Cited by 21 | PDF Full-text (2113 KB) | HTML Full-text | XML Full-text | Supplementary Files
Abstract
Phthalocyanines are an important class of organic semiconductors and, thus, their interfaces with metals are both of fundamental and practical relevance. In the present contribution we provide a combined theoretical and experimental study, in which we show that state-of-the-art quantum-mechanical simulations are [...] Read more.
Phthalocyanines are an important class of organic semiconductors and, thus, their interfaces with metals are both of fundamental and practical relevance. In the present contribution we provide a combined theoretical and experimental study, in which we show that state-of-the-art quantum-mechanical simulations are nowadays capable of treating most properties of such interfaces in a quantitatively reliable manner. This is shown for Cu-phthalocyanine (CuPc) and Zn-phthalocyanine (ZnPc) on Au(111) and Ag(111) surfaces. Using a recently developed approach for efficiently treating van der Waals (vdW) interactions at metal/organic interfaces, we calculate adsorption geometries in excellent agreement with experiments. With these geometries available, we are then able to accurately describe the interfacial electronic structure arising from molecular adsorption. We find that bonding is dominated by vdW forces for all studied interfaces. Concomitantly, charge rearrangements on Au(111) are exclusively due to Pauli pushback. On Ag(111), we additionally observe charge transfer from the metal to one of the spin-channels associated with the lowest unoccupied π-states of the molecules. Comparing the interfacial density of states with our ultraviolet photoelectron spectroscopy (UPS) experiments, we find that the use of a hybrid functionals is necessary to obtain the correct order of the electronic states. Full article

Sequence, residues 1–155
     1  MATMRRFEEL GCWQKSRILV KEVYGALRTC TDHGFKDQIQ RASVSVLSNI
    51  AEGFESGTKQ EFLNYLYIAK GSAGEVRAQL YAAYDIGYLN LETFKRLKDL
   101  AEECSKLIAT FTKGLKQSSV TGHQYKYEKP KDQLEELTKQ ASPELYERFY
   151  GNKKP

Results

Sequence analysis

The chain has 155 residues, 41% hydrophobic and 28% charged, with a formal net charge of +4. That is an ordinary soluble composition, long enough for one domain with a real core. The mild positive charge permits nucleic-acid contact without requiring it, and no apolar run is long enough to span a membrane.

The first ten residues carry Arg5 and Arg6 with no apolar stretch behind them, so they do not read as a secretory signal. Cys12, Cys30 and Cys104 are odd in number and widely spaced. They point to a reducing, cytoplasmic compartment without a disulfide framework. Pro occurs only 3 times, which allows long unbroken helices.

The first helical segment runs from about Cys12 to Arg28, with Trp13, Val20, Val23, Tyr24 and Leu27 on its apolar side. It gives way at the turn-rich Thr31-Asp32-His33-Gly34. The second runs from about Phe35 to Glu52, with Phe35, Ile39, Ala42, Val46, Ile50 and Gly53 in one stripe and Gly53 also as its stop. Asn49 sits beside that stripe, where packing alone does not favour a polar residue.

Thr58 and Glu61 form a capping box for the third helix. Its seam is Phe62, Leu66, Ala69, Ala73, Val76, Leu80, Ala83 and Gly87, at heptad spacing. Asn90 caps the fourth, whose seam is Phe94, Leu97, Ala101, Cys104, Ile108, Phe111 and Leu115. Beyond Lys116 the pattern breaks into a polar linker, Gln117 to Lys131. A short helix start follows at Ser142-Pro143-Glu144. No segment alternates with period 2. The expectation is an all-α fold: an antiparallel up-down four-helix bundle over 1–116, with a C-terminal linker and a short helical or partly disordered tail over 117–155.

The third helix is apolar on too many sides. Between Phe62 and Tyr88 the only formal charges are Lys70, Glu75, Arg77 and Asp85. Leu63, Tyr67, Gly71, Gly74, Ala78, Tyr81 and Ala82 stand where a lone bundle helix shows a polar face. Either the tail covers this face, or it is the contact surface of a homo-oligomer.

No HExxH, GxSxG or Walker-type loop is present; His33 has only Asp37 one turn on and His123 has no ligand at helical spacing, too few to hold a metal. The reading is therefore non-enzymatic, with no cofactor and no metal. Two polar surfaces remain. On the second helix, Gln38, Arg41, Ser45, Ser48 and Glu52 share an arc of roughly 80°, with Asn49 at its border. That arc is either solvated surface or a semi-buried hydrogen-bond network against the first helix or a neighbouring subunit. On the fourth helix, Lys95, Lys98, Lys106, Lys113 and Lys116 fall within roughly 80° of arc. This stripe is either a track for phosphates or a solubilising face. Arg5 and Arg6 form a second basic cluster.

(This article belongs to the Special Issue Photoelectron Spectroscopy)
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Review

Jump to: Research

Open AccessReview Ultrafast Internal Conversion of Aromatic Molecules Studied by Photoelectron Spectroscopy using Sub-20 fs Laser Pulses
Molecules 2014, 19(2), 2410-2433; doi:10.3390/molecules19022410
Received: 5 December 2013 / Revised: 8 February 2014 / Accepted: 12 February 2014 / Published: 21 February 2014
Cited by 1 | PDF Full-text (2665 KB) | HTML Full-text | XML Full-text
Abstract
This article describes our recent experimental studies on internal conversion via a conical intersection using photoelectron spectroscopy. Ultrafast S2(ππ*)–S1(*) internal conversion in pyrazine is observed in real time using sub-20 fs deep ultraviolet [...] Read more.
This article describes our recent experimental studies on internal conversion via a conical intersection using photoelectron spectroscopy. Ultrafast S2(ππ*)–S1(*) internal conversion in pyrazine is observed in real time using sub-20 fs deep ultraviolet pulses (264 and 198 nm). While the photoelectron kinetic energy distribution does not exhibit a clear signature of internal conversion, the photoelectron angular anisotropy unambiguously reveals the sudden change of electron configuration upon internal conversion. An explanation is presented as to why these two observables have different sensitivities to internal conversion. The 198 nm probe photon energy is insufficient for covering the entire Franck-Condon envelopes upon photoionization from S2/S1 to D1/D0. A vacuum ultraviolet free electron laser (SCSS) producing 161 nm radiation is employed to solve this problem, while its pulse-to-pulse timing jitter limits the time resolution to about 1 ps. The S2S1 internal conversion is revisited using the sub-20 fs 159 nm pulse created by filamentation four-wave mixing. Conical intersections between D1(π−1) and D0(n−1) and also between the Rydberg state with a D1 ion core and that with a D0 ion core of pyrazine are studied by He(I) photoelectron spectroscopy, pulsed field ionization photoelectron spectroscopy and one-color resonance-enhanced multiphoton ionization spectroscopy. Finally, ultrafast S2(ππ*)–S1(ππ*) internal conversion in benzene and toluene are compared with pyrazine. Full article
(This article belongs to the Special Issue Photoelectron Spectroscopy)